An epidemiologist from the Kent County Health Department said that a major health survey for people in Plainfield Township has been delayed amore than six months after industrial chemicals were found in area wells.
"It's difficult to know how long it will be delayed," said Brian Hartl an epidemiologist with the Kent County Health Department. "The initial thought was that we would get the survey out to the public within the first few months of 2018."
The Health Department first discussed the survey in September, along with cancer-cluster research headed by the Michigan Department of Health and Human Services. The plan was to survey more than 1,000 homes tested in 2017 for PFAS chemicals linked to tannery sludge dumped by Wolverine Worldwide decades ago, Hartl said.
"You kind of quantify the exposure as best as you can," he said. "What was your water source? Was it ground water or city water? [We would also ask] open-ended questions about any health effects they had or any members of their family had."
The health department is consulting with the Centers for Disease Control and Prevention's Agency for Toxic Substances and Disease Registry on the survey, which will delay the release (ASTDR).
"We're not the experts on PFAS exposure assessments, the ASTDR is," Hartl said. "We made the decision to bring in those experts and to make the best use of our time and the best use of the people's time who are going to be participating in the survey."
Activists in Plainfield Township got out in front of the county and created a private survey that 650 people have already filled out. The top results match illnesses linked to PFAS exposure, including kidney and testicular cancer, poor liver and thyroid functioning, autoimmune diseases and infertility.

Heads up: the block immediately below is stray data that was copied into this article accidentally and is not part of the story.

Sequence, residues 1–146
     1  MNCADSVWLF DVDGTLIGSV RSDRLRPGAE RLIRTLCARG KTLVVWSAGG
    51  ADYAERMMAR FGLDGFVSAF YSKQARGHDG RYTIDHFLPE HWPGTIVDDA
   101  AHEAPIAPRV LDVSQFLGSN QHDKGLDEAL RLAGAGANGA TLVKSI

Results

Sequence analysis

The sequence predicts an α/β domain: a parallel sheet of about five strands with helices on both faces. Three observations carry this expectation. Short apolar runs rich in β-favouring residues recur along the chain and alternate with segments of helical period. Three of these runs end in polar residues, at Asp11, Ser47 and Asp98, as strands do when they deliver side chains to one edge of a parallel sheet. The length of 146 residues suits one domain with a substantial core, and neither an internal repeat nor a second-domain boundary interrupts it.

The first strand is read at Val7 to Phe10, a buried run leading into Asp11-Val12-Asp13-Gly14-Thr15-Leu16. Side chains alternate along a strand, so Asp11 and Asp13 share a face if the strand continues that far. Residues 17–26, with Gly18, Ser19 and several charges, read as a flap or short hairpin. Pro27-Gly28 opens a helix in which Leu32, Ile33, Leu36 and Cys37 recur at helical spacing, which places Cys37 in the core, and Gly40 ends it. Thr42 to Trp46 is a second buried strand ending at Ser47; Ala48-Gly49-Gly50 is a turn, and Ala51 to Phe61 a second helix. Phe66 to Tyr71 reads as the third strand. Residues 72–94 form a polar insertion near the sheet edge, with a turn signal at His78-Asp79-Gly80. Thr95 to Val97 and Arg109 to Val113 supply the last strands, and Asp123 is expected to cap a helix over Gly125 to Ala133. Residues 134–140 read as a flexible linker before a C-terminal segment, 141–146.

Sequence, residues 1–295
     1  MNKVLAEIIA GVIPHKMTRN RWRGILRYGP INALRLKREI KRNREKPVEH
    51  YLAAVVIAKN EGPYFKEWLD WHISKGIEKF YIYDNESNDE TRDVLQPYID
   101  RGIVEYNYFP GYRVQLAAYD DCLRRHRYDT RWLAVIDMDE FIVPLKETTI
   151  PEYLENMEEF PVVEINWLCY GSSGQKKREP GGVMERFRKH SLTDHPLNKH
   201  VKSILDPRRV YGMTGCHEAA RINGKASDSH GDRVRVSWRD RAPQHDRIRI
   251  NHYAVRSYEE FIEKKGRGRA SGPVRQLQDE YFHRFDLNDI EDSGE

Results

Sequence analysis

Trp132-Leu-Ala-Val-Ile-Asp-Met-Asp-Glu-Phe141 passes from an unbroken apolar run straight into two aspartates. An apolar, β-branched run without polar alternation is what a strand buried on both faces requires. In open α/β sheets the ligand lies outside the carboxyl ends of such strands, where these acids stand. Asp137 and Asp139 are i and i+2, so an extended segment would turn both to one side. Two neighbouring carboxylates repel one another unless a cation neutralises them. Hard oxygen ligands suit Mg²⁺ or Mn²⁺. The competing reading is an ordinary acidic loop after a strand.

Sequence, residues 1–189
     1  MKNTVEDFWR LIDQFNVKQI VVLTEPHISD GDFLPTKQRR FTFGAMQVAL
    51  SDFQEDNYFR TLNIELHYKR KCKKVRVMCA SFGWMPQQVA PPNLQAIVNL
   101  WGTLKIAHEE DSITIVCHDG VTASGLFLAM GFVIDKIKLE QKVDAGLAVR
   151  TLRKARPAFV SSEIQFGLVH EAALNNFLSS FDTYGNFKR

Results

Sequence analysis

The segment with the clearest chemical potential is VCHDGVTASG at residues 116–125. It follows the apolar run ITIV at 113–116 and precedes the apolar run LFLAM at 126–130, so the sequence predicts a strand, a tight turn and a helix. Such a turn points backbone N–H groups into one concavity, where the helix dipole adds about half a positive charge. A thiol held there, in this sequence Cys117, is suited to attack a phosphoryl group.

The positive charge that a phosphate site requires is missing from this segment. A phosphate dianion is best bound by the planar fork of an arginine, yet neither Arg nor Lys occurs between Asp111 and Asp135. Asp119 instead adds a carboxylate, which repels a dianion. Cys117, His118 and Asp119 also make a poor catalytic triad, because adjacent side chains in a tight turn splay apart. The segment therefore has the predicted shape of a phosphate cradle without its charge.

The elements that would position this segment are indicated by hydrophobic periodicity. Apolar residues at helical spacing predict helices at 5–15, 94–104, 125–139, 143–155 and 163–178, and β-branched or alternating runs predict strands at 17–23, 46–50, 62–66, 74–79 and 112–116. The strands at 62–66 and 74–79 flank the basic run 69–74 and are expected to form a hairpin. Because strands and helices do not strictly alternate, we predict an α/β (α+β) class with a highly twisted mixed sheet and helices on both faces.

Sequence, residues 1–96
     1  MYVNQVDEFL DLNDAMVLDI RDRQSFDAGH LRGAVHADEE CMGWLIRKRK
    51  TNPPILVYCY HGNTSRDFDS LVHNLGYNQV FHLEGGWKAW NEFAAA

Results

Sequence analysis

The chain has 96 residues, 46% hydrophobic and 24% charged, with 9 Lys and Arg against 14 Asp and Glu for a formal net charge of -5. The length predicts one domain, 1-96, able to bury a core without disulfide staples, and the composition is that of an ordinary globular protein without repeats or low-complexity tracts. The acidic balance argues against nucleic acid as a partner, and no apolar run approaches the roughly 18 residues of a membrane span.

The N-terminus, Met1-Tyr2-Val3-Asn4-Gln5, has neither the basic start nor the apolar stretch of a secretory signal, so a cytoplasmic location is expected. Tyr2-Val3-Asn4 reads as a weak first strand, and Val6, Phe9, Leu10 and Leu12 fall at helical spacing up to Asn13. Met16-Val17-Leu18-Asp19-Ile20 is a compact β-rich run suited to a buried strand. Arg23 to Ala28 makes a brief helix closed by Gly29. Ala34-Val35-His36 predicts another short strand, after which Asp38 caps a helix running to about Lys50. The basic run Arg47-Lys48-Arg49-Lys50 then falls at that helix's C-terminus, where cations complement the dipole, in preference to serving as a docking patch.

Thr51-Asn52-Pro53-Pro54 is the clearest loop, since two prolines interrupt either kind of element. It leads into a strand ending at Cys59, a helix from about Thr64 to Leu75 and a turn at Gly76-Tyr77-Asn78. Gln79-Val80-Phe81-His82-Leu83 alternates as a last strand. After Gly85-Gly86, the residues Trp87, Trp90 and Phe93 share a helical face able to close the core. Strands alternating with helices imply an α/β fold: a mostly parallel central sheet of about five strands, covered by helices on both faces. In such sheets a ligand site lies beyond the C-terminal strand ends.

"We're glad that we're kind of ahead of the gun," said Cody Angell, who co-created the private survey. "We're seeing the effects of PFAS exposure here in Plainfield Township."
Kent County Health Department said it would look at Angell's data and how it can potentially inform the department's survey.
Varnum Law in Grand Rapids, which represents 200 Kent County residents regarding the water contamination, asked the health department to cover blood tests for PFAS. The firm is now advancing the costs of blood tests for some of its clients.
"So I can't say what's going to happen in the future," Hartl said. "At this point we're discussing it, but there's been no conclusion about it."
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